Giving Compass' Take:
- The city of Boston has agreed to create a reparations commission to study and adopt reparation proposals and then send the mayor.
- How can other cities follow suit? How will a reparations commission tackle racial wealth gaps prevalent in cities? In what ways can donors get involved?
- Learn about relational reparations.
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The Boston City Council on Wednesday voted unanimously to create a commission that will study and adopt reparation proposals for African Americans, sending the measure to Mayor Michelle Wu.
The panel will research the city’s role and historical ties to the African slave trade and slavery. It will also study the city’s actions to date in addressing the continued impacts of enslavement and make recommendations on how the city can reconcile its past actions, said City Councilor Ricardo Arroyo during the meeting.
“It is past time that our government acts to mitigate past harms and prevent future policies rooted in these inequities,” said City Councilor Brian Worrell during the meeting. “Reparations in my mind is not just a one-time payment... But it’s a more holistic approach to right past wrongs and ensure a brighter future for generations of Black Bostonians.”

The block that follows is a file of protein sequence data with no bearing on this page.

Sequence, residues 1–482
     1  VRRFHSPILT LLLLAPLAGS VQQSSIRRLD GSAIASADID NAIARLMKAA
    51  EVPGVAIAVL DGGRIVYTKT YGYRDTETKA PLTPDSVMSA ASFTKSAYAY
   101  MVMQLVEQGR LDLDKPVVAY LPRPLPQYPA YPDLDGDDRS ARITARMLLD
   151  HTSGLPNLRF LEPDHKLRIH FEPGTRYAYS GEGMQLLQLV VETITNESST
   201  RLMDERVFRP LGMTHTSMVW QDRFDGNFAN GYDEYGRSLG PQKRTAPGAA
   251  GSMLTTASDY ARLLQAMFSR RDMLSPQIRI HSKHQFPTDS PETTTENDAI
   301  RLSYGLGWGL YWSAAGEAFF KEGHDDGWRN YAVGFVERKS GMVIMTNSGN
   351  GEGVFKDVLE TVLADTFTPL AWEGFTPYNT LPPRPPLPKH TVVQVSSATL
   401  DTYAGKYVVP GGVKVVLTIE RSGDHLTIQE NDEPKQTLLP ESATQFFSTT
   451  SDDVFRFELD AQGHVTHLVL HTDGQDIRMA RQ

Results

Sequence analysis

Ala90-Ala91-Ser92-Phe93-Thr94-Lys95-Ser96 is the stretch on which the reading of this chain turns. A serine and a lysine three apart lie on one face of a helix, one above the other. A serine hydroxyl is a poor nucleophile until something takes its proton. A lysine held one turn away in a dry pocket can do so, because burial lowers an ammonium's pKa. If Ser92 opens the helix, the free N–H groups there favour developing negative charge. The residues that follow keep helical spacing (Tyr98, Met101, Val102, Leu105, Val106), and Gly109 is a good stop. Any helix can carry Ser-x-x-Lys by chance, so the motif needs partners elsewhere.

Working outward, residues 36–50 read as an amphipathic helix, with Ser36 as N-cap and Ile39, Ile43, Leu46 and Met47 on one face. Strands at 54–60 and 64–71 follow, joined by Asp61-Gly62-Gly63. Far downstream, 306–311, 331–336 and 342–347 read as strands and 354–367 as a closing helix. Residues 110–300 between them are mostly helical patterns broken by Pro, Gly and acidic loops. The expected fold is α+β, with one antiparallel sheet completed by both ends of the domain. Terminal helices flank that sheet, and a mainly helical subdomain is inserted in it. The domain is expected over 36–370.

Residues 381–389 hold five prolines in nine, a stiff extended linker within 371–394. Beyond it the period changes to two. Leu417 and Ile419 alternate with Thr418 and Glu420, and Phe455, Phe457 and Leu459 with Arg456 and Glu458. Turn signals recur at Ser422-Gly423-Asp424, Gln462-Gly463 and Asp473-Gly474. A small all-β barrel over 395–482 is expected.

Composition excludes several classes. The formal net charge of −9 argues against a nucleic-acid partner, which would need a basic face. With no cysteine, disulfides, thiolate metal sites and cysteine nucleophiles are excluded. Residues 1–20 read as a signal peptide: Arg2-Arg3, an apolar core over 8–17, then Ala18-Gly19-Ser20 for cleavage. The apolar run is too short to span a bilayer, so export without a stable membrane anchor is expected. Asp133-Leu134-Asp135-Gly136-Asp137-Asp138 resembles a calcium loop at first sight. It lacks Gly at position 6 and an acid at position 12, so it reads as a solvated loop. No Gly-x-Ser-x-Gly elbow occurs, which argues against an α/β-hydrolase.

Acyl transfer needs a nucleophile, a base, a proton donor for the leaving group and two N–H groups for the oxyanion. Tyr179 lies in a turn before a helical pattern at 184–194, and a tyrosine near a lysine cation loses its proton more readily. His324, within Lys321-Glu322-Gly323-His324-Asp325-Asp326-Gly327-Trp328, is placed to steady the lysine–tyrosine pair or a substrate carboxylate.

Boston joins a growing number of cities and states seeking to provide Black residents reparations to help atone for the country’s history of racism and slavery that has led to the racial wealth gap. Last year, Providence, Rhode Island, joined Evanston, Illinois, in making reparation payments to address the legacies of racism. However, Providence takes a race-neutral approach to the program, allowing some White residents to qualify as well. Some states are also considering reparations, including California, which has created its own task force.
Read the full article about reparations by Danielle McLean at Smart Cities Dive.